I hear it again and again, the same thing I’m thinking. Racism has been there all along, but now it’s entered my life in a way it hasn’t before.
I heard someone say that because racism doesn’t interrupt most white people’s lives it’s easy to forget about on a daily basis. That’s true for a fifty-six-year-old white woman like me who lives on a farm in Upstate NY and is so removed from what is happening around the country.
But it’s different now, because of the continued videos of police shooting black men and women, because of the protests and the riots. It’s not being replaced in the news cycle. We’re hearing about it every day and it’s not going away.
I know it’s different because all of my friends, me, and the people around me are talking about it.
We begin our conversations by saying how we don’t know what to do. I say I feel guilty or helpless. Too bad for me. That’s nothing compared to what black and brown Americans have been going through for hundreds of years.
So we go to the small protests in our mostly white towns, we give money to Black Lives Matter, we pay attention to the news, and we talk about racism. We have the conversation.
Jon and I have been talking about racism every day. My friends come from a wide spectrum of backgrounds and although none of us would have thought of ourselves as racist, we all have slightly varying views on what it means to be racist.
I think it’s in those nuances that racism often lies, presenting itself in ways that surprise us.
Sometimes, though it may not be in my heart, it’s my language. It’s in the way my brain reacts when I see a person I’ve been conditioned to believe is dangerous. It makes me afraid to speak because I might say the wrong thing.
Again, too bad for me.
Real conversation, not arguments, bring all these things and stuff I can’t even imagine yet, out into the open. It’s something I can do.
It was five years ago when I read Ta Nahisi Coates’ book Between the World and Me, that I was able to understand racism on a deeper level. I could empathize with what Coates was saying because I often felt similar things being a woman.
It’s only recently with the Me Too movement and the hearings between Christy Blasey Ford and Brett Kavanaugh that people are beginning to understand why women don’t go to the police when they’ve been raped. Why they may not even tell their mothers or best friends.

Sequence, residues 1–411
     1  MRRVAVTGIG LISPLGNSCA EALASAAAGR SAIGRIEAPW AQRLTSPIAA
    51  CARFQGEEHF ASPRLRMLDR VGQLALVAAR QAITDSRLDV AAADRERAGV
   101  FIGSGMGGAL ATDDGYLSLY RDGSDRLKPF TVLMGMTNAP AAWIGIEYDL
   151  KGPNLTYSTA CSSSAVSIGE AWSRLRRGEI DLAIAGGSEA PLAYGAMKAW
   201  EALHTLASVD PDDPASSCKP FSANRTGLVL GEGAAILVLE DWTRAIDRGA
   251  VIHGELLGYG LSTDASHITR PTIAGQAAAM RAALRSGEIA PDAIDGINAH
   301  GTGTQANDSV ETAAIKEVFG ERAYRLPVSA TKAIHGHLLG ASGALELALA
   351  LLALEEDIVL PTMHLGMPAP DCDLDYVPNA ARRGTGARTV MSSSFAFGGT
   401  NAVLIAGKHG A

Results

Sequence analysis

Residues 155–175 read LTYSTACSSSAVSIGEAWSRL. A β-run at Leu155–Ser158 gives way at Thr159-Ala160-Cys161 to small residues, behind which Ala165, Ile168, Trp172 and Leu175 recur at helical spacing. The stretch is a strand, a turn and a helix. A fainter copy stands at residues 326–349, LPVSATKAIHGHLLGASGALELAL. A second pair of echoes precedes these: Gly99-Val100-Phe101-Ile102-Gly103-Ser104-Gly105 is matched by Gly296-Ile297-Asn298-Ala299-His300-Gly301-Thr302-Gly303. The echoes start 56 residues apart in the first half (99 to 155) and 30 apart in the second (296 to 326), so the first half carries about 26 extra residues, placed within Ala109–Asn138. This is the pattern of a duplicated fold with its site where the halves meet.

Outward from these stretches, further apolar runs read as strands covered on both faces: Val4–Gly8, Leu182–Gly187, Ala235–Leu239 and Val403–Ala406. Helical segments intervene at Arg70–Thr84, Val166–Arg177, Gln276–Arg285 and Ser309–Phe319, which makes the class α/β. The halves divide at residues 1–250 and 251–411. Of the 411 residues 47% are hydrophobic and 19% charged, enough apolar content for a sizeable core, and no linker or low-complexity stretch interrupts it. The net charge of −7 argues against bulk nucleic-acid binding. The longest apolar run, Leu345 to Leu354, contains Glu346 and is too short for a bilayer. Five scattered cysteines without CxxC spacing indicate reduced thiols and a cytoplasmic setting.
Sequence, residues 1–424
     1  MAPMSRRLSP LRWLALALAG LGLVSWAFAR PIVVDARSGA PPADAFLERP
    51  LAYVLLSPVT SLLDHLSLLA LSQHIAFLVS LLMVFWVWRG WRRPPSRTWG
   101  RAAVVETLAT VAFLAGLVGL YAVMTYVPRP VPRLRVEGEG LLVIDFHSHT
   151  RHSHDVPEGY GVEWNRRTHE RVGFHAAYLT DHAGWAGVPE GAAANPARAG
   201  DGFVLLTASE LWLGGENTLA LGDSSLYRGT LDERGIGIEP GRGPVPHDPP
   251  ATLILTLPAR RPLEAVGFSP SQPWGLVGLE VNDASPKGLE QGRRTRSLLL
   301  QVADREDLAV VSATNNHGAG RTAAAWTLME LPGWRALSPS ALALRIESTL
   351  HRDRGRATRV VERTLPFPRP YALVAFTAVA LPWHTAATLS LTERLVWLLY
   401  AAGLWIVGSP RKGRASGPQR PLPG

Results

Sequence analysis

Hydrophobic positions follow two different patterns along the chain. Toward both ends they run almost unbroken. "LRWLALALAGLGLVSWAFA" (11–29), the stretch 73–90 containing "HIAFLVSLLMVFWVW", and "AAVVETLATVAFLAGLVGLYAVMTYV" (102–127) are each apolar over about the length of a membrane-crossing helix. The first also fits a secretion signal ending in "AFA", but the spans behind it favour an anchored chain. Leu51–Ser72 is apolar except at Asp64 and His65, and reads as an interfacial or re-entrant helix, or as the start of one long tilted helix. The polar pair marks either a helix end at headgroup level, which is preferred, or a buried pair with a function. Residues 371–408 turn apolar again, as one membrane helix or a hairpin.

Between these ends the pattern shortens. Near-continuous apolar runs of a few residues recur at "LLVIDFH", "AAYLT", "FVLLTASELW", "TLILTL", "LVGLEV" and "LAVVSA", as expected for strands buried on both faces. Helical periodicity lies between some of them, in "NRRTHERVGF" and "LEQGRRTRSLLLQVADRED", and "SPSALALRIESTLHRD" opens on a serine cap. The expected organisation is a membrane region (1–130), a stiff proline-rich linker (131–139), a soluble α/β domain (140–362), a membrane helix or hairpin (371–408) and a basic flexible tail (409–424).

I can remember understanding those reasons on an instinctual level but not being able to articulate my feelings.
I always felt the same when someone would question why when a black person is stopped by the police they don’t just do as they’re told.
Now I have the words to say how that person is afraid for his or her life and with good reason.
There were two other books that I read after Coates’ that helped me understand racism in America a little better.
One was Yay Gyasi’s book Homegoing. In her novel, Gyais tells the story of two sisters in 18th century Ghana. One is sold into slavery and ends up in America the other gets to live her life in Africa.
Through this story, I was able to see the direct effect of slavery in America on African Americans today.
The other book is written by a white woman in the 1930’s. Trials of the Earth by Mary Mann Hamilton is the story of her life as a pioneer in Mississippi in the late 1800’s. Hamilton tells some amazing stories about her life.
But she also writes frankly about the black people she encounters.
Of course, I was horrified when she told the story of the white man who came to her boarding house showing off the finger of a black man that he took as a souvenir from a lynching. She approved of the lynching but not of a human finger as a souvenir.
But I saw more in the matter-of-fact way she wrote about how black men were rounded up and put into prison to be used as slave labor at the notorious Parchman Farm (now known as the Mississippi State Penitentiary). Or how she feared the black people she encountered.
It was in her language and attitude that I saw the similarities to how many of us still talk and feel about African Americans today. It’s not the overt racism, it’s in the nuance.
I’ve been wanting to write about this for a while but didn’t know how. Then today it came to me. I can only write what I know and the more I open myself up to the conversation, the more I’ll find out.
This is something I can do.